In order to gain access to the Pi from a computer, you will need to set it up for SSH. To do so, first make sure your SD card is still plugged to your computer and accessible. Then create an empty file named ssh, and copy it to the boot volume of your SD card (on macOS, this is /Volumes/boot; on Windows, it will show up in Explorer as a removable drive).

If your Raspberry Pi is connected via Ethernet, you may skip the next step. Otherwise, create a file named wpa_supplicant.conf, in the same folder as the ssh file you just created, and paste the following, replacing <Your wifi network name> and <Your wifi network passphrase> with the appropriate values:

You may now insert the SD card into your Raspberry Pi, and boot it. After a few seconds, you can establish an SSH connection to your Pi. By default, the hostname will be raspberrypi.local. Username is pi, password is raspberry:

You can change the hostname by running sudo raspi-config. Throughout this tutorial, we will assume that the hostname remains raspberrypi.

Once logged in to your Pi, you can install the Snips platform tools with the following commands:

Your device is ready to run a voice assistant! Let’s create one!

Head over to the Snips Console, create an account if you don’t have one yet, and create a new assistant with your name of choice. We will call it “Sonos”. We will use Snips’ On-Device ASR, and select Raspberry as the platform, “Hey Snips” as the hotword, and English as the assistant language:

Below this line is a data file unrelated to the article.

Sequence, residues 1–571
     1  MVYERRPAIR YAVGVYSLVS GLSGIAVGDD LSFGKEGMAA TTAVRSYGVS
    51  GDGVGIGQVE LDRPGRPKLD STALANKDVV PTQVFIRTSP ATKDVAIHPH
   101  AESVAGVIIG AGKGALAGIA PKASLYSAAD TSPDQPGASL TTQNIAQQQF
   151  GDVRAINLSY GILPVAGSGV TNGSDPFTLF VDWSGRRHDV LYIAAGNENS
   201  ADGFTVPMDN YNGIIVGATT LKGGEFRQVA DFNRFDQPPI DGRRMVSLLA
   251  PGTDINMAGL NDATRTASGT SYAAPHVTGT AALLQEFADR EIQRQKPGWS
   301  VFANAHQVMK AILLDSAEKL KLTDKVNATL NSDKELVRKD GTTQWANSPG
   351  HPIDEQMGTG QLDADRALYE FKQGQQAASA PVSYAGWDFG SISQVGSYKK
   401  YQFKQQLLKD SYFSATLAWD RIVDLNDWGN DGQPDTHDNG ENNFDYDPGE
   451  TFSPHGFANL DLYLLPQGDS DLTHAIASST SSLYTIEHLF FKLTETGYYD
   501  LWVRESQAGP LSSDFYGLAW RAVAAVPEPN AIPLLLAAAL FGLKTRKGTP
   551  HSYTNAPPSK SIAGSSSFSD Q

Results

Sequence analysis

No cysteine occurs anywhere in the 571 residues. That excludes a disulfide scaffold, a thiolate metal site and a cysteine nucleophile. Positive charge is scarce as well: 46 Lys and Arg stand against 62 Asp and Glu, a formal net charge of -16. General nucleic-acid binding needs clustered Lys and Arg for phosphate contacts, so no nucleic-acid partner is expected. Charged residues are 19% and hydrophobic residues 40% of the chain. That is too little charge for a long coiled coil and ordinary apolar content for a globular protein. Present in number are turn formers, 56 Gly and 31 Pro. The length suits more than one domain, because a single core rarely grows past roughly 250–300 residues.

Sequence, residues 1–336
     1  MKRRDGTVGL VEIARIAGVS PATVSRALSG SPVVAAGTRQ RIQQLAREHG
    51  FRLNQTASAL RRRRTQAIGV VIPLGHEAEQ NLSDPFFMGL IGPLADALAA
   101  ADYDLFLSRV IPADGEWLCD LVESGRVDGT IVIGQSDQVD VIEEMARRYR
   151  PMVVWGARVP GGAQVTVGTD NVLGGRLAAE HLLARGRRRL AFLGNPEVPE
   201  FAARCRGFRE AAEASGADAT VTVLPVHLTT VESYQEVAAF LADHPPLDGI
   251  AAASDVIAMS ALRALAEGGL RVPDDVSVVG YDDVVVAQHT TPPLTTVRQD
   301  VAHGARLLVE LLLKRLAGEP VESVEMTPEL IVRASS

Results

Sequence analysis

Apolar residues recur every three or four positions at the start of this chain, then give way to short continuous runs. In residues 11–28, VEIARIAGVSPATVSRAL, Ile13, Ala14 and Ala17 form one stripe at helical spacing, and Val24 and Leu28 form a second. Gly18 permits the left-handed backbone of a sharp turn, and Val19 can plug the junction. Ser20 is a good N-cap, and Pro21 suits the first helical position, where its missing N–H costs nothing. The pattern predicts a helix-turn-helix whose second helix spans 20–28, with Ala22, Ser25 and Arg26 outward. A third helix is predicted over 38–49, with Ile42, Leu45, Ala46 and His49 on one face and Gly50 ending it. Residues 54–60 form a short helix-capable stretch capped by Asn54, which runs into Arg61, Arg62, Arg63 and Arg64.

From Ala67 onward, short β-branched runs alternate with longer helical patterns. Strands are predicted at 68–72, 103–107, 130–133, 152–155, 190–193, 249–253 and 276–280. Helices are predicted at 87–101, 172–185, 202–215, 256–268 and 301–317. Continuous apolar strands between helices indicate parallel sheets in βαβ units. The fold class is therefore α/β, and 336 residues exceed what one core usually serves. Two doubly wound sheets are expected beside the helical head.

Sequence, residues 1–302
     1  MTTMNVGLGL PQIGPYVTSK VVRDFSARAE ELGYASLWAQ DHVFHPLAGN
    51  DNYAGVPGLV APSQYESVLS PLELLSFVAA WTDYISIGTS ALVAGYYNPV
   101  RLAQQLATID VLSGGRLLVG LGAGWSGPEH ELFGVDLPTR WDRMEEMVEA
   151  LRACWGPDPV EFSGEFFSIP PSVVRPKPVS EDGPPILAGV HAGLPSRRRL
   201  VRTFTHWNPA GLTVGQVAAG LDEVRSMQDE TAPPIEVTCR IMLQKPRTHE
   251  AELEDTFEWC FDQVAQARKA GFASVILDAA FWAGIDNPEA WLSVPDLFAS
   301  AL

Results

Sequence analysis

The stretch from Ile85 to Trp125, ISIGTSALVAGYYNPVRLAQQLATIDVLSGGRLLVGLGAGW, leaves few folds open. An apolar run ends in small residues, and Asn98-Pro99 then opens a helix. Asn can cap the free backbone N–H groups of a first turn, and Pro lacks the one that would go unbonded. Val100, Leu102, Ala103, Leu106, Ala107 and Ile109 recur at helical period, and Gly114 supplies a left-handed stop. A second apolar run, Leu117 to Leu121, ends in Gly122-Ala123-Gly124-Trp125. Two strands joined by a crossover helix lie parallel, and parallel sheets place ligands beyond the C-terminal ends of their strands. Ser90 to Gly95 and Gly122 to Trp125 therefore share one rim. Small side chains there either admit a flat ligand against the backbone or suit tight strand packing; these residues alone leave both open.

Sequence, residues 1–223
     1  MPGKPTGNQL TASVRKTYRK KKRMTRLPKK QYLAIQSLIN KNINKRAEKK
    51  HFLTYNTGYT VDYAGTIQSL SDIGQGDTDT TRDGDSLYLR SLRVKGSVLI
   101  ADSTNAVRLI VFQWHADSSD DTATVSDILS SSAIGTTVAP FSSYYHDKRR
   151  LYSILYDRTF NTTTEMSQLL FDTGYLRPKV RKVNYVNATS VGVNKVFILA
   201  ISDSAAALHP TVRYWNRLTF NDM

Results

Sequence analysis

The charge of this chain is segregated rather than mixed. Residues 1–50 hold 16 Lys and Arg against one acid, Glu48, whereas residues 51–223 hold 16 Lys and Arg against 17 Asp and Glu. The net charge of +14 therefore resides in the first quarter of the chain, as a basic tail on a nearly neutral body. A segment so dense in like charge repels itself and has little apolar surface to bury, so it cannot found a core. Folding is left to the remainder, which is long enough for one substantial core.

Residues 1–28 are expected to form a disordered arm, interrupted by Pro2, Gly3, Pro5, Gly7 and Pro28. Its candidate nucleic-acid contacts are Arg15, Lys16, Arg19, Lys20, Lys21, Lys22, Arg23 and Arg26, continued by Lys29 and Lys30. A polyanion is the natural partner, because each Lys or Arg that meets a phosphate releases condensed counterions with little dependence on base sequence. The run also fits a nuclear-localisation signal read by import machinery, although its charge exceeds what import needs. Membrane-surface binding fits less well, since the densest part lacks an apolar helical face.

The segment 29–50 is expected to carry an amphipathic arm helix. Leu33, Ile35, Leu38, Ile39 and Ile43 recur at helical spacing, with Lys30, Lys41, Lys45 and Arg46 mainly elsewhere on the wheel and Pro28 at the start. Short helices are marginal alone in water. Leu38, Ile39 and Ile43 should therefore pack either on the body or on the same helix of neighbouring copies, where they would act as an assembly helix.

Next, add the music bundle. This is a packaged and pretrained set of intents related to music queries, such as playing a track from an artist, or setting the volume:

Once added, the assistant will start training. This will take a few seconds, after which you can try textual queries in the right side bar:

At this point, you may want to customize your assistant with more intents, or special slot values, such as your own playlists or artists. We won’t dig deeper into this here, but if you want to know more, including how to obtain your playlists and favorite music from your Spotify account and add them to your assistant, head to Part 2 of this post.

Once you are satisfied with the queries that you assistant is able to make, you will need to run the training of the custom ASR model, which is done by clicking the “Download Assistant” button:

Time now to run the assistant on your device!

On the Console, note the ID of your assistant. It can be found in the URL: